Lewis Capaldi has been hailed as an advocate for the neuro-diverse community after his emotional headlining set at Glastonbury Festival.
The star, 26, lost his voice while singing his hit song, Someone You Loved, and was supported by thousands of fans who sang back to him when he couldn’t carry on.
Capaldi, who has previously opened up about his recent diagnosis of Tourette’s, also appeared to experience an increasing number of tics during the set.
The singer revealed at the end of his performance that he plans to take some more time off, after he recently cancelled all his commitments in June to focus on Glastonbury.
Admitting he was having vocal issues, Capaldi said he may take another break in the coming weeks, which could last for the rest of the year.
It comes as the star has 25 more concerts scheduled for the rest of the year, including the Middle East, Asia and Australia.
Dannii Phoenix-Kane, who lives with Tourette’s, told STV News she could “totally relate” to his struggles on stage.
She said: “It’s frustrating, there’s a frustration of it because you want to do something, and maybe your tics might stop you from doing that.”
Lyndsay Hay, of Tourette’s Scotland, hailed Capaldi as an advocate for the neuro-diverse community.
Mum to a child with Tourette’s Ms Hay told STV News: “It was really quite amazing to watch, I felt super proud of him – I think the whole community would’ve.
“But it was also quite difficult to watch.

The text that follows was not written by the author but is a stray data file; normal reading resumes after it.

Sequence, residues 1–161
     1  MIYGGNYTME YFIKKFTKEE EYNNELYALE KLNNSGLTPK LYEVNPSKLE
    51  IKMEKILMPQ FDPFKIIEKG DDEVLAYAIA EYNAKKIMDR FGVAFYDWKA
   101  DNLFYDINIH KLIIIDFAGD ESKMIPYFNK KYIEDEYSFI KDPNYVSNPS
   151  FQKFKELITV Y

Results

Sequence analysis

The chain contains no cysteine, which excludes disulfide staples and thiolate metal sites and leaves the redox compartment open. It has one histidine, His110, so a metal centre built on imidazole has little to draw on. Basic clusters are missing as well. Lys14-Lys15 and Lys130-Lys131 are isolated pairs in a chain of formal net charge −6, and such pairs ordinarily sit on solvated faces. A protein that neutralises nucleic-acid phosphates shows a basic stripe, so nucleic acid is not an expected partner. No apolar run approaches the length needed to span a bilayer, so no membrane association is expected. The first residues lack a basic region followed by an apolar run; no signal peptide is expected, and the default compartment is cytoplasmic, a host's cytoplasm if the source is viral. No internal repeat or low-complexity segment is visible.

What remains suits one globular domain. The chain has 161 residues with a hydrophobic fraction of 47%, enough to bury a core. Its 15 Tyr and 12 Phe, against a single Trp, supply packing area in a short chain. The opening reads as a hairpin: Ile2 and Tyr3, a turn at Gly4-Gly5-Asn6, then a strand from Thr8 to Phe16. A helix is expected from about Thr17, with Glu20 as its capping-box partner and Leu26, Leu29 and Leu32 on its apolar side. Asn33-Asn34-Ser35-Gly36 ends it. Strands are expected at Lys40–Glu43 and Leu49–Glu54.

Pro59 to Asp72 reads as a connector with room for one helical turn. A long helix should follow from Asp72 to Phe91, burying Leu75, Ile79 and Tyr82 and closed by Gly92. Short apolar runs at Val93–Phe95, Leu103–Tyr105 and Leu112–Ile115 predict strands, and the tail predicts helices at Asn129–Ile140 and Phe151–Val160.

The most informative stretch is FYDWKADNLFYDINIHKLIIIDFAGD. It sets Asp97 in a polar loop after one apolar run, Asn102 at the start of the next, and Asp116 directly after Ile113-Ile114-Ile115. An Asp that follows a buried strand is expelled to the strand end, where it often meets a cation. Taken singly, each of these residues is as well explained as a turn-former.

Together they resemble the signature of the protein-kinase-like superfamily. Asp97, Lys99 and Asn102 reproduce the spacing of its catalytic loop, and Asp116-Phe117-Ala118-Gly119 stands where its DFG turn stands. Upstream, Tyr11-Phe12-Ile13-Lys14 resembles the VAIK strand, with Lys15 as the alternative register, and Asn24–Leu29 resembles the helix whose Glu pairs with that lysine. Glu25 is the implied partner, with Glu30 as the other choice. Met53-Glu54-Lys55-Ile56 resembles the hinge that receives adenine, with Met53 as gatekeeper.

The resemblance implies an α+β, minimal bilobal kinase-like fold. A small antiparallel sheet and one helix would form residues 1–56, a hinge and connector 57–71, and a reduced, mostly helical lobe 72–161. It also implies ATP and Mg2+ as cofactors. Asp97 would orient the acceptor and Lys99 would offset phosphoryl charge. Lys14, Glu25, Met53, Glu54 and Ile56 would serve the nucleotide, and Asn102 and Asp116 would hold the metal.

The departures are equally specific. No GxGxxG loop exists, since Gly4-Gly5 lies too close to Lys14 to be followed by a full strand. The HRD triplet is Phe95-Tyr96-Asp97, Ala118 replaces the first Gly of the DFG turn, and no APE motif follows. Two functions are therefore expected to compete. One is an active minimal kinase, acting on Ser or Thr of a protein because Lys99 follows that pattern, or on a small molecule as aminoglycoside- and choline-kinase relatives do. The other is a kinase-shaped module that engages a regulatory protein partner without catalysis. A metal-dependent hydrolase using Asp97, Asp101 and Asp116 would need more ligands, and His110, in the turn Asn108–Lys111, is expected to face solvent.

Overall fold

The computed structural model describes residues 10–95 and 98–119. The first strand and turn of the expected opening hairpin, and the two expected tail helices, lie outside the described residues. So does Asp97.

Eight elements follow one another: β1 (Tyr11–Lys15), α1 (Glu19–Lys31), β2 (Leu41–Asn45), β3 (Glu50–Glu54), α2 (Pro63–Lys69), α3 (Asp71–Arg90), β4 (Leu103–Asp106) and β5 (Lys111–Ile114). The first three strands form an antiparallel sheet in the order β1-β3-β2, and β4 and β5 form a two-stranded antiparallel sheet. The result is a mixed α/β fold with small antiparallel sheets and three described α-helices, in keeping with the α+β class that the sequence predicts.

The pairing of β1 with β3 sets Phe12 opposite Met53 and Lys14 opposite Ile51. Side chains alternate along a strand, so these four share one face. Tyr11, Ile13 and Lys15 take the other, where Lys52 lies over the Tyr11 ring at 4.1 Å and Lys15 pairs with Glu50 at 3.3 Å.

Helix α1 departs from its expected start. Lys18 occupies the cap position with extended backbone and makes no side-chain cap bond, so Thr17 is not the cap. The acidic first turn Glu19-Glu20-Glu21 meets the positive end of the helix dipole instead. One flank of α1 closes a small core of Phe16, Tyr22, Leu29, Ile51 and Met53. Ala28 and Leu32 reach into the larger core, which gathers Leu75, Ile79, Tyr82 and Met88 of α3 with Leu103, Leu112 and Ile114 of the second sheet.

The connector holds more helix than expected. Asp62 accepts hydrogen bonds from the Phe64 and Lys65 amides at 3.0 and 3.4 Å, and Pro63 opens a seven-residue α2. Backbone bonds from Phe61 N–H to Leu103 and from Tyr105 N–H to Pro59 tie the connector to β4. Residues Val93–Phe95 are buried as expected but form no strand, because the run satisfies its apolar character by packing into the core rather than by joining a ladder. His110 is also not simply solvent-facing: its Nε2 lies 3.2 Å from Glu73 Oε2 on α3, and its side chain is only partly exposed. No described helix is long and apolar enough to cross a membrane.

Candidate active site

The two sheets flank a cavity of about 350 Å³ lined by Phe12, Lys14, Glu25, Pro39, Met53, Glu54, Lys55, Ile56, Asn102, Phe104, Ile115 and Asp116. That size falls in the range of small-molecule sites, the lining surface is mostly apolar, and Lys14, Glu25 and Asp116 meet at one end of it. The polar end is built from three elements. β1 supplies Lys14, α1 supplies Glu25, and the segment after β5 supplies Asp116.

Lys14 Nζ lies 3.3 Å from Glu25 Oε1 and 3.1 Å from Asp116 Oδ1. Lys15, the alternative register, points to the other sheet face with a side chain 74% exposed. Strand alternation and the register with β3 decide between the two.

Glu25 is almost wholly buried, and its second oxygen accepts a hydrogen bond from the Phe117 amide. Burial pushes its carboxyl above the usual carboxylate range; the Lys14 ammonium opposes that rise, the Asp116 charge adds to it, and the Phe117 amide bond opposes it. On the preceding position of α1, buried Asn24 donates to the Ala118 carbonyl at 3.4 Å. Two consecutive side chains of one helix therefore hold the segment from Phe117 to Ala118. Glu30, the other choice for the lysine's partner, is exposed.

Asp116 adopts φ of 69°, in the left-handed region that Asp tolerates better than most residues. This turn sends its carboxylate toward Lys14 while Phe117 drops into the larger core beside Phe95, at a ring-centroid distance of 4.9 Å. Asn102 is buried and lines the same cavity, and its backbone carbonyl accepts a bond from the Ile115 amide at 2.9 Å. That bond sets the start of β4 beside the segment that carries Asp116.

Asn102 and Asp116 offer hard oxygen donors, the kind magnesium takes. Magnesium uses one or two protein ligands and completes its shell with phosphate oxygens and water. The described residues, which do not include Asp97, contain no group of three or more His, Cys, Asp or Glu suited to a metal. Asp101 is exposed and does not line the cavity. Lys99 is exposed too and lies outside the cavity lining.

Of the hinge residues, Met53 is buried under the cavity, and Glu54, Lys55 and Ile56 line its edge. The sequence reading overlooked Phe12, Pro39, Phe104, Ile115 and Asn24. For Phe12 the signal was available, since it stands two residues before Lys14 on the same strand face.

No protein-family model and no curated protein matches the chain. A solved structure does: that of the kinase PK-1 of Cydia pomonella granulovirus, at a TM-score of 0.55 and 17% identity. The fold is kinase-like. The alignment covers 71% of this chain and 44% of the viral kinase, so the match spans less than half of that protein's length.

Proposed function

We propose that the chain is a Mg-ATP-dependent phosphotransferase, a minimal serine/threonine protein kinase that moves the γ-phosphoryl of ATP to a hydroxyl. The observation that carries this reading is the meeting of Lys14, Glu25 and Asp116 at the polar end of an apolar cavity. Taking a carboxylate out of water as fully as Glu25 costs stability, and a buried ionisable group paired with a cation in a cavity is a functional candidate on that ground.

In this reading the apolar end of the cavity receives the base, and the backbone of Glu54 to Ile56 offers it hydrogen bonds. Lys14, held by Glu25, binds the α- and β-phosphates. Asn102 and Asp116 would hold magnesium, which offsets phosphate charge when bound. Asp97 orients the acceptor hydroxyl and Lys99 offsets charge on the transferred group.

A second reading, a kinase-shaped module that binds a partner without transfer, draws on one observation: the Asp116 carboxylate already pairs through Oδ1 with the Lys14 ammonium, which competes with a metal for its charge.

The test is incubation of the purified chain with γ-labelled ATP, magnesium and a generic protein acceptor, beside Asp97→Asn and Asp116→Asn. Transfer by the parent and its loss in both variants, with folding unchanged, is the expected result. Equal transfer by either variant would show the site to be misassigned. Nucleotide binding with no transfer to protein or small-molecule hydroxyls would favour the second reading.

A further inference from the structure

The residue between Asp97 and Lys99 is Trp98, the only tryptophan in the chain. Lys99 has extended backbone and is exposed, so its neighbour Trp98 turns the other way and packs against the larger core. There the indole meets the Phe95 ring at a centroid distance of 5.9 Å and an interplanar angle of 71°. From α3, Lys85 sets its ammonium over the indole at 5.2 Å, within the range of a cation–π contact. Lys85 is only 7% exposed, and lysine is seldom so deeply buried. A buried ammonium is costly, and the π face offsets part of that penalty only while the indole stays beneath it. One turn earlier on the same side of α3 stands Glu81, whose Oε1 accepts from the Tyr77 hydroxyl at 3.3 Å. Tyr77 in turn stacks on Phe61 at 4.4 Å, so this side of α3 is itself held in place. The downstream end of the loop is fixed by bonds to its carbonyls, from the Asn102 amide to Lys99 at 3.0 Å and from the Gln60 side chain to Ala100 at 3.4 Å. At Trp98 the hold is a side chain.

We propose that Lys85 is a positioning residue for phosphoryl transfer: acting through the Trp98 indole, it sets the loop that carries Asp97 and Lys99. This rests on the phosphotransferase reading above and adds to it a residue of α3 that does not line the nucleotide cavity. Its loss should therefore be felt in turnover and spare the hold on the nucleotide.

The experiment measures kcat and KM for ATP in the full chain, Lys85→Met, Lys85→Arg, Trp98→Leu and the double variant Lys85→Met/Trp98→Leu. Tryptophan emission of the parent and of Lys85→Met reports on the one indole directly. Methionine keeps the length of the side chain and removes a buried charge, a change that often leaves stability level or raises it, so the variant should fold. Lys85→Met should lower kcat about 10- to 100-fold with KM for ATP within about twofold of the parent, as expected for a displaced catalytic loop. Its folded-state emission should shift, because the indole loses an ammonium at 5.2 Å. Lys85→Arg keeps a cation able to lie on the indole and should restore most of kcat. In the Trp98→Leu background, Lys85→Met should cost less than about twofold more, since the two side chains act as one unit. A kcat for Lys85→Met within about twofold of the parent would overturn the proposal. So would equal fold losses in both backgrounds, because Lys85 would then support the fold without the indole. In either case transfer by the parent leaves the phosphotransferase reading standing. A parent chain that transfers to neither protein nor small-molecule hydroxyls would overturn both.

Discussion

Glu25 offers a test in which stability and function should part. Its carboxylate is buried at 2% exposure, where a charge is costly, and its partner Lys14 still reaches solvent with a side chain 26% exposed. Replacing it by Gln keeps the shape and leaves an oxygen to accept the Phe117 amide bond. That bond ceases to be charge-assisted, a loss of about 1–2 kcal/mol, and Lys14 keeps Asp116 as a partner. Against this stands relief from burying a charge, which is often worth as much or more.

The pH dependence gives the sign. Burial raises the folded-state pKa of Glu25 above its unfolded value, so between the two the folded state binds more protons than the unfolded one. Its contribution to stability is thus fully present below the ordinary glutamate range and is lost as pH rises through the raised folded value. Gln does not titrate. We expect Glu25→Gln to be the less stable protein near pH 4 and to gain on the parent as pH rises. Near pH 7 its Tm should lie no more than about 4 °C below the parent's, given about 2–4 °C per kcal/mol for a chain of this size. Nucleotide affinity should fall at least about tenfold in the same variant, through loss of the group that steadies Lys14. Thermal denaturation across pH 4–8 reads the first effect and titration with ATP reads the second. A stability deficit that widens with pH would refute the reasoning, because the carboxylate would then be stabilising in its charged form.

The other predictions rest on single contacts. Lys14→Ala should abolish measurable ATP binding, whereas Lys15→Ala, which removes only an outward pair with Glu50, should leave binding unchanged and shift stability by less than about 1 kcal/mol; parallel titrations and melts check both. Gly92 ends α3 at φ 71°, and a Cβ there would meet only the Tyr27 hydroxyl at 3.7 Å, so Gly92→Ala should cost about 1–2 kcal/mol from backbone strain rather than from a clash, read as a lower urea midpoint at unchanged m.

“He does so well, and he’s such a good advocate for everything – for our neuro-diverse community.”
Star’s health struggles
Capaldi previously opened up about his health problems, neurological and mental, on his recent Netflix documentary How I’m Feeling Now.
The film followed him when he moved back to his hometown during the Covid lockdown, to work on his second album after the first turned out to be a smash-hit.
It meant expectations were high for album number two, and it took a toll on his health.
“Making the first album was as close to dreams coming true as you could possibly get,” he said in the film.
“But as soon as the first album does well, it’s like can he do it again though?”
He also spoke candidly about his anxiety and imposter syndrome, which often manifests as panic attacks.
“I’m completely disconnected from reality,” he said. “I can’t breathe, I can’t feel breath going in. I get dizzy, I feel like something’s happening in my head and I’m sweating.
“My whole body starts to do what my shoulder does and I’m convulsing. Either I feel like I’m going to be stuck like that forever or I’m going to die.”
‘Rest and recover’
The West Lothian star took a break from all commitments in June, in an effort to prepare for Glastonbury – in a statement posted to social media, he said he needed to be “Lewis from Glasgow for a bit”.
Now, a question mark hangs over the rest of his 25 concerts this year, which take him all the way across the globe to Asia, the Middle East and Australia.
While no cancellations have been announced, the singer told the crowd at Glastonbury: “I feel like I’ll be taking another wee break over the next couple of weeks so you probably won’t see much of me for the rest of the year maybe even.
“But when I do come back, when I do see you, I hope you’re all still up for watching.”